These verses exhort the reader to take seriously God’s discipline and not to lose heart in the face of God’s rebuke.

Our response

Endure hardship as discipline; God is treating you as his children. For what children are not disciplined by their father? If you are not disciplined—and everyone undergoes discipline—then you are not legitimate children at all. (vs. 7, 8)

What a privilege it is to be treated by God as one of His children! The author asks a rhetorical question about being disciplined by our earthly father to hit home his point that God, our heavenly Father is intimately involved in our lives; in our development as Christians.

The real power of verse 7 is the emphatic position of the words in the Greek. “As discipline” is what the writer wants us to remember. Any struggle or suffering we may endure is NOT to be seen as misery, or an accident, but rather AS DISCIPLINE. In other words, when seemingly bad things happen to us, we need to understand that God IS using them to teach us important lessons.

The implication is that if a Christian never has any struggles, something is wrong. Too much prosperity and too easy a time in life could be a bad sign! This flies in the face of modern preaching which stresses “health, wealth, and prosperity.” Truth be told, God is interested in our souls and our character, not just in making sure we have a good time on earth.

The reverses and adversities of life are either SENT by God or ALLOWED by God because of their value as disciplinary tools. There is not a single believer who does NOT need discipline. Therefore, we need to be fearless in the face of adversity, embrace it, and learn something from it.

2. A parental philosophy, 12:9—11

Discipline is an essential part of good parenting; everybody recognizes this except for college professors and social workers. An undisciplined child grows up into a troubled adult, morally and ethically unstable. But if our parents practised good discipline, then we reap the rewards as adults. Now, while we were young we certainly didn’t see any value in our parent’s discipline. We probably viewed them as overbearing or old fuddy duddies. But, as the old saying goes, the older we got the wiser our parents became. As Christians, a mark of maturity is how we view God’s discipline: do we shrink from God in the face of it? Or do we submit to God?

Moreover, we have all had parents who disciplined us and we respected them for it. How much more should we submit to the Father of spirits and live!

Verse 10 moves from comparison to contrast:

Our parents disciplines us for a little while as they thought best; but God disciplines us for our good, that we may share in his holiness.

The idea here is two-fold. Our earthly parents discipline us while we are children. Eventually, though, we grow into adults, move away from home and beyond their discipline. But God never stops disciplining us; He is never finished with us. God works in us for a lifetime.

We all make mistakes, even our parents. But God never makes a mistake. He always disciplines us for our good. He never goes “over the top” or “comes up short” in discipline. The precise purpose of God’s discipline is finally spelled out: so that we may share in God’s holiness. What does that mean? We will never be able to share God’s natural attributes because we are only human, and He is divine. However, through His work in us, we may be like Him in holiness. Holiness is a moral quality only possible through grace on the basis of fellowship with God.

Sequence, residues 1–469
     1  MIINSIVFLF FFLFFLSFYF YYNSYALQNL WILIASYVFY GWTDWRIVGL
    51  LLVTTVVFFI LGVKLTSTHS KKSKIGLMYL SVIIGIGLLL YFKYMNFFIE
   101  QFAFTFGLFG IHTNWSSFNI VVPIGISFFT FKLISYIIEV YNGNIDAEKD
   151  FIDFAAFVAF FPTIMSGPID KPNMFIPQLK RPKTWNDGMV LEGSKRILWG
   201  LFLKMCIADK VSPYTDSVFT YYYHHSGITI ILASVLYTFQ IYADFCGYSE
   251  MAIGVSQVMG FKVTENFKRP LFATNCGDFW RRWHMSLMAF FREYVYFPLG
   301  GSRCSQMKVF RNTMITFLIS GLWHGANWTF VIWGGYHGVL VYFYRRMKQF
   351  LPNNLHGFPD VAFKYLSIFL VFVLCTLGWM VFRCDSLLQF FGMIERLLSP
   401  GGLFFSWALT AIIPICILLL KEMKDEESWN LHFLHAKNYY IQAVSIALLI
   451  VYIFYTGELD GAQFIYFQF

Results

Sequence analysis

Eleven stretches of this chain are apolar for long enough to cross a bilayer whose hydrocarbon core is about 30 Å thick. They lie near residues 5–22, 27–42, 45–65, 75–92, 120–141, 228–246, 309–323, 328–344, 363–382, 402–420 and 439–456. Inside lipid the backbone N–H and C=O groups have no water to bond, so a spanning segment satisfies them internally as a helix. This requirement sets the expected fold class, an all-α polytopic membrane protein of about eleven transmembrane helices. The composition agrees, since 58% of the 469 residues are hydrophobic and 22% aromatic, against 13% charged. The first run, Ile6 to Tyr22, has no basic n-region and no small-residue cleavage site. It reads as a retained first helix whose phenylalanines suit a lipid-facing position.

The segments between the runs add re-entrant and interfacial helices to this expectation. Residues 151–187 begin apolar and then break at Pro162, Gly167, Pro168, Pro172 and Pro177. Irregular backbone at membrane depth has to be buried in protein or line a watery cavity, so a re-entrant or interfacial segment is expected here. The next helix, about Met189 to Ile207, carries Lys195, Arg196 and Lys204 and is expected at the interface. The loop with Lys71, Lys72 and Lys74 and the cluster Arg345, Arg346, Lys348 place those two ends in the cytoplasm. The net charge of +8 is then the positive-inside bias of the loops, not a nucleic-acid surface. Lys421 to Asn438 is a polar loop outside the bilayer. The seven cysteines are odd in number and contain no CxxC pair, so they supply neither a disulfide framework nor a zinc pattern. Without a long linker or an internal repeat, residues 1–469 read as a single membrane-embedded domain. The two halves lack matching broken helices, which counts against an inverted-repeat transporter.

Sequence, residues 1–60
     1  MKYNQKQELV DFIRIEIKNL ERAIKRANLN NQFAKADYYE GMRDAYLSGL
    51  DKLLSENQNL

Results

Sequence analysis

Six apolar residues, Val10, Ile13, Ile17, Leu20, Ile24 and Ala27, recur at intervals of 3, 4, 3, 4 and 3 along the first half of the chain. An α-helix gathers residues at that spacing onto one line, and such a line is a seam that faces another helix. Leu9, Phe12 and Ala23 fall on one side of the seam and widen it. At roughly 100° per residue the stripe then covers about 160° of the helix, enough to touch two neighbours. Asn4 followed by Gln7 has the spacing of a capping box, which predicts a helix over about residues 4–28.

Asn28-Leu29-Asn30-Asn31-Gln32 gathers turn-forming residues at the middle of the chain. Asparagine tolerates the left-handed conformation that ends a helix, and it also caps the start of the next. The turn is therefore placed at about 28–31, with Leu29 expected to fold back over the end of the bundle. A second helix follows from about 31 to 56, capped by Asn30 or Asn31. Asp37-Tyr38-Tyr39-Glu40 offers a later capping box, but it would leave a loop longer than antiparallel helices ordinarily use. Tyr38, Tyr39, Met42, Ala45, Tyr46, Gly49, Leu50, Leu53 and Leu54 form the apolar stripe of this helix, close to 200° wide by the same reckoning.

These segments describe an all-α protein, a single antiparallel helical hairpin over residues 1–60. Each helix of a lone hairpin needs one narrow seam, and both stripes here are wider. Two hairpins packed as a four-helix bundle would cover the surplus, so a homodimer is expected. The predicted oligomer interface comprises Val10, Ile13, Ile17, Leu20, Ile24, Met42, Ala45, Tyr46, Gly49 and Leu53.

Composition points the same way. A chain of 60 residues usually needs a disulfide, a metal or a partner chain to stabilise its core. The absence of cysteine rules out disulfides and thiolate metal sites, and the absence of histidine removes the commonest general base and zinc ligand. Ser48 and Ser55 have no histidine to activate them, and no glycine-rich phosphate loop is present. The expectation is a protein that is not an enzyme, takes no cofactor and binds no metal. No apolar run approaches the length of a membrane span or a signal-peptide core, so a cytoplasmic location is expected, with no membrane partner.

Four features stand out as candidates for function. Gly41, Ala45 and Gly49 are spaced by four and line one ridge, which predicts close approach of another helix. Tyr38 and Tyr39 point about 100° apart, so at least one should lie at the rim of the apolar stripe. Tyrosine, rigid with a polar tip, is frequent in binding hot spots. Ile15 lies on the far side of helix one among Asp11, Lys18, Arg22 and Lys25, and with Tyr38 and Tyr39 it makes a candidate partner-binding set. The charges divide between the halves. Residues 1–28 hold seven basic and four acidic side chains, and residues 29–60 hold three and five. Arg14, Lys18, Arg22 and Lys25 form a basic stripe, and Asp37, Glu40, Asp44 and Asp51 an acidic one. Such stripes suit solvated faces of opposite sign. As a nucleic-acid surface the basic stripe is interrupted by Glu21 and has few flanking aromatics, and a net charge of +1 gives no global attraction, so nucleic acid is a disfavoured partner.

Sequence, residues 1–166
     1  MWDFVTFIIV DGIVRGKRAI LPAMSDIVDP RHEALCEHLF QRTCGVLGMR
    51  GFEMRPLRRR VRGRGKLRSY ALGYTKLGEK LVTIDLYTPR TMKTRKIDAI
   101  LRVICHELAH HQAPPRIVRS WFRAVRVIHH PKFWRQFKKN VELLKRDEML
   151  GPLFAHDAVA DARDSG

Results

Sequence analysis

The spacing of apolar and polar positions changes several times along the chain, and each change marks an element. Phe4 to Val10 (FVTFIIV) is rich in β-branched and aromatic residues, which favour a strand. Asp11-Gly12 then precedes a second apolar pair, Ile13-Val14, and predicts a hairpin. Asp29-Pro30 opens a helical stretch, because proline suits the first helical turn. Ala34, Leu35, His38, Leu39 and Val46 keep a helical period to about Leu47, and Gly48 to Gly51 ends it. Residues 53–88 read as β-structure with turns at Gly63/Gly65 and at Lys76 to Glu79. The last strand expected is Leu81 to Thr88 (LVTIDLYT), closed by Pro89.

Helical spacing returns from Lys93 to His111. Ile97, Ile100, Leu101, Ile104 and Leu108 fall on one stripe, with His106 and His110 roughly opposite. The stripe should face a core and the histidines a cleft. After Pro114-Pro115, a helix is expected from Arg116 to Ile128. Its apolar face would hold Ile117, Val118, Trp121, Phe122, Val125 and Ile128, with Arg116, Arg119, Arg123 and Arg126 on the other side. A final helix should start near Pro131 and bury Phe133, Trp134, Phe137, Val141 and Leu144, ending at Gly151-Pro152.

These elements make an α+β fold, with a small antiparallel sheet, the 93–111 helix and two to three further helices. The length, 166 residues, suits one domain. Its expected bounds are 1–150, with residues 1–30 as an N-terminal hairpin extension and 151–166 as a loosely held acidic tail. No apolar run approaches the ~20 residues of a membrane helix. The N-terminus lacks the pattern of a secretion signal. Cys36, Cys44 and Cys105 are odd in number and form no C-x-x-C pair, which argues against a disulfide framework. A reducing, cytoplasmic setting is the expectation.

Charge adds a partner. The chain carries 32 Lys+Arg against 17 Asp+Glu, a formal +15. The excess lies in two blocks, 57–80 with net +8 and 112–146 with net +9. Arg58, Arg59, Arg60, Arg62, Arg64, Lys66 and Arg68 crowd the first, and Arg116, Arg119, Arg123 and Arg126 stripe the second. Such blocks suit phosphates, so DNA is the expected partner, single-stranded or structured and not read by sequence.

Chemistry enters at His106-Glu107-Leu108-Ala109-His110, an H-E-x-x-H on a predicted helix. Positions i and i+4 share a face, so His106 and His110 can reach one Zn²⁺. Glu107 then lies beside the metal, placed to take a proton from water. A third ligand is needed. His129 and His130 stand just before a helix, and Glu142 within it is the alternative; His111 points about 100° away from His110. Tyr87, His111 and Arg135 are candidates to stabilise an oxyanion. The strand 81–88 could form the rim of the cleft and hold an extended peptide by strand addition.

3. A wonderful result, 12:11

No discipline seems pleasant at the time, but painful. Later on, however, it produces a harvest of righteousness and peace for those who have been trained by it.

God wants us to develop a character of holiness, and He uses discipline as a to achieve that aim. However, the aim of that tool is not always obvious to us. And sometimes it’s hard to see any good coming from our struggles. Whenever discipline pops up and smacks us on the head, it causes pain. We don’t jump up and down in joy and happiness when the hard times come. In fact, most of time we can’t see any rhyme or reason at all! We don’t look forward to God’s correction. Discipline comes in many forms: suspension of privileges, loss of freedom, loss of loved ones, serious illness or injury, unemployment, or persecution. When those things enter our lives, our initial reaction is not usually one of joy. But James gives us this piece of advice:

Consider it pure joy, my brothers,whenever you face trials of many kinds. (James 1:2)

The message of Hebrews is the same. The suffering we encounter may be painful, but it will end, and after it has ended, we will see real results: we will reap a harvest of righteousness and peace. In other words, our reward for keeping the faith will be a right, stronger relationship with God and we will be at peace with ourselves.

Here’s the rub: the only Christians who receive these blessings are “those who have been trained [by discipline].” Those who find ways to avoid God’s discipline will never be blessed with righteousness and peace. It is only those who willingly submit to God’s will in their lives who will be so blessed.

(c)  2012 WitzEnd